“Is there somebody who’s willing to hold their hand at the edge?” - Bringing the Patient to the Center of Physician-Patient Communication and Decision-Making on Bone Marrow Transplantation
Repository Usage Stats
Medicine is beginning to appreciate the value of “patient-centeredness”—healthcare attentive to the unique characteristics, needs, and values of each patient—and a wide body of evidence shows that physician-patient dynamics can have real effects on patients’ health. The patient-centeredness movement has led to calls for more equitable physician-patient relationships, shared decision-making, and more individualized models of care. But building all those requires fundamental shifts in the language physicians use to communicate. I analyzed 20 conversations between patients and physicians specializing in bone marrow transplantation for the physician-patient relationships that their communication produces, and the effect of those relationships on patients’ decision-making ability. My findings revolved around the “data dump”—that is, the physician’s nearly ubiquitous, depersonalized, extended monologue on the biology and history of the patient’s disease, the array of options available to treat it, and the risks and prognosis associated with each. I found that “data dumping” can have one of two effects: leaving patients confused and unable to decide on a treatment path, or silencing patients and preventing them from actively choosing their treatment. Silencing and disempowering patients can in turn prevent them from voicing clinically relevant information, and even from healing as well as they would if they were empowered. I also found that physicians and patients often had very different definitions of a “cure” and goals for their care; while the transplant specialists were focused on the cancer, patients had their minds on their lives as a whole. Taken together, these encounters showed that patients need treatment options to be individualized, contextualized, and delivered in a way attentive to their uniqueness, autonomy, and ability to process information. The physician is the only person in the encounter capable of fulfilling this need. Thus, drawing insights from a communication theory known as Motivational Interviewing, I offer recommendations on how physicians can humanize their information delivery and support their patients’ decision-making. If put to practice, my analysis and recommendations can make medical information delivery and decision-making more effective and equitable in a wide range of contexts.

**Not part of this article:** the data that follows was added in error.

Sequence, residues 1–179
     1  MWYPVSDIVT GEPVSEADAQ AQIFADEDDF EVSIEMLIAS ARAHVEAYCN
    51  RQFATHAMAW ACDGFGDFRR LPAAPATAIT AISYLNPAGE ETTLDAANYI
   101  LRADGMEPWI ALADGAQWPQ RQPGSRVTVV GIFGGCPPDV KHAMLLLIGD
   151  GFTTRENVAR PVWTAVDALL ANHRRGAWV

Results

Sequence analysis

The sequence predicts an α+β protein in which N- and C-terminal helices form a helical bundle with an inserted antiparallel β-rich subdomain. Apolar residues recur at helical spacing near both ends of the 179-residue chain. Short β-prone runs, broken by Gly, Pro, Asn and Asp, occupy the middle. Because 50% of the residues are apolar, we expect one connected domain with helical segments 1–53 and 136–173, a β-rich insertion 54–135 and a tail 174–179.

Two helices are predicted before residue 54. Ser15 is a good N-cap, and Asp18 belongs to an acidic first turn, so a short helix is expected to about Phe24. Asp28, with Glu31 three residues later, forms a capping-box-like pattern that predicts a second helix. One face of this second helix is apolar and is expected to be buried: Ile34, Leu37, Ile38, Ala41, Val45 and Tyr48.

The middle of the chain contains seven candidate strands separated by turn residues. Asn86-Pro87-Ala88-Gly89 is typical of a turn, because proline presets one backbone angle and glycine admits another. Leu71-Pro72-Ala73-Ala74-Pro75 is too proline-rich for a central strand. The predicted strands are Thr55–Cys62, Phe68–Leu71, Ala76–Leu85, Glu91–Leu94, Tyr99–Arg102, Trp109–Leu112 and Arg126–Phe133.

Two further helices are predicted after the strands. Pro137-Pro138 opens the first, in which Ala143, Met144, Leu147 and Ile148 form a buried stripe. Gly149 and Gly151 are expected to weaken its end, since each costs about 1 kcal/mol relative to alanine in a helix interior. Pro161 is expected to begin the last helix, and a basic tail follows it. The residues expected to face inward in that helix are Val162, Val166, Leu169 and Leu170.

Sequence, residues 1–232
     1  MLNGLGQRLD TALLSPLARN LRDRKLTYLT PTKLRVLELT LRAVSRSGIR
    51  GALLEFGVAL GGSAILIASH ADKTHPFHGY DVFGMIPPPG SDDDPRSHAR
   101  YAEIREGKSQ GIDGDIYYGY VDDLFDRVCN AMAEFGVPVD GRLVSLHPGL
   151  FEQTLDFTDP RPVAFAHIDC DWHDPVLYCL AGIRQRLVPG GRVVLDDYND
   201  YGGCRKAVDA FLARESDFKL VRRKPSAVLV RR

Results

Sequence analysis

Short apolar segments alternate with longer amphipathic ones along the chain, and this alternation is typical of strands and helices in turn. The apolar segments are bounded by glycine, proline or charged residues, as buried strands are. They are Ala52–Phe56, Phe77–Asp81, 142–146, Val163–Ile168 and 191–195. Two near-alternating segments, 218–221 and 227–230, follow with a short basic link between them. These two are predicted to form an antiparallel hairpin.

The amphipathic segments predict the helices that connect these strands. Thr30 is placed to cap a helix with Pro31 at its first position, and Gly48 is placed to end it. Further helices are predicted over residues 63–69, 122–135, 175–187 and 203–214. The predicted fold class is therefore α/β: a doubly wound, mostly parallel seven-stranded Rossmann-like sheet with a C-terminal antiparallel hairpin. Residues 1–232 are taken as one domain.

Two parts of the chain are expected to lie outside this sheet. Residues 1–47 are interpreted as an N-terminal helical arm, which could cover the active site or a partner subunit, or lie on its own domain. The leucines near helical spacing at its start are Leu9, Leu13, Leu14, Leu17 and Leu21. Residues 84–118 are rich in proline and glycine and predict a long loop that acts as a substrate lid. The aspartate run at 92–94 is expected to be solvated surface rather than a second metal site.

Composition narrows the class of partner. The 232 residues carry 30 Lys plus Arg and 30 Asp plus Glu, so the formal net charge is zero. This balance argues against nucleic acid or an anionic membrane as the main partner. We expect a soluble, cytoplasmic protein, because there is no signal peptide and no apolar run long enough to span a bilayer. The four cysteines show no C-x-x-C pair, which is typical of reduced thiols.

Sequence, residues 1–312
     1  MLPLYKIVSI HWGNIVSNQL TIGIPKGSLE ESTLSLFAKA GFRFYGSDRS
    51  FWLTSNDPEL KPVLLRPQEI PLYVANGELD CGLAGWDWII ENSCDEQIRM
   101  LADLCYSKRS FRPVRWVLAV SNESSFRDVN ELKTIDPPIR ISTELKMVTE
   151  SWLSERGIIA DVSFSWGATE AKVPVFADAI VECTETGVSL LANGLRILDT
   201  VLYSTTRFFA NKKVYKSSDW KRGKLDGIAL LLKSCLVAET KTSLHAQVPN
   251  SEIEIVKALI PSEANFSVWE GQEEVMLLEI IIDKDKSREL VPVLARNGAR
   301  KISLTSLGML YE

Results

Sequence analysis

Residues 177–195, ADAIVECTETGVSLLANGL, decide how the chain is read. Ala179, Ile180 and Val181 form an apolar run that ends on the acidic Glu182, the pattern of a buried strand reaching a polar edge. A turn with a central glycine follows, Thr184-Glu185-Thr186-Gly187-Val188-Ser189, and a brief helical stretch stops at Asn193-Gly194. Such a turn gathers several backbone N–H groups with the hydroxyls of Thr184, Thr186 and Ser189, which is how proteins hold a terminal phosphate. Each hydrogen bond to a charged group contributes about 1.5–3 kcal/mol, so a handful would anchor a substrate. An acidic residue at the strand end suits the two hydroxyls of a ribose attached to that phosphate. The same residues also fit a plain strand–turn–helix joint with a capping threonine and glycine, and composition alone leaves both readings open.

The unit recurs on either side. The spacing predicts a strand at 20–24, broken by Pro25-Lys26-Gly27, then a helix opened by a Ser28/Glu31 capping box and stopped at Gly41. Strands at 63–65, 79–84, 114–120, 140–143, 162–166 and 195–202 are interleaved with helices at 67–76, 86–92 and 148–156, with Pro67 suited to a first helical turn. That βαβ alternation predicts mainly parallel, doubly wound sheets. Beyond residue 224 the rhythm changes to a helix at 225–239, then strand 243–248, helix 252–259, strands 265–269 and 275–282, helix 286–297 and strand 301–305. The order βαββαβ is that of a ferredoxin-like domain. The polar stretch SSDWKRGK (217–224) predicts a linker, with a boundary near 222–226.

DescriptionCritical Honors Thesis
More InfoShow full item record
This work is licensed under a Creative Commons Attribution-Noncommercial-No Derivative Works 3.0 United States License.
Rights for Collection: Undergraduate Honors Theses and Student papers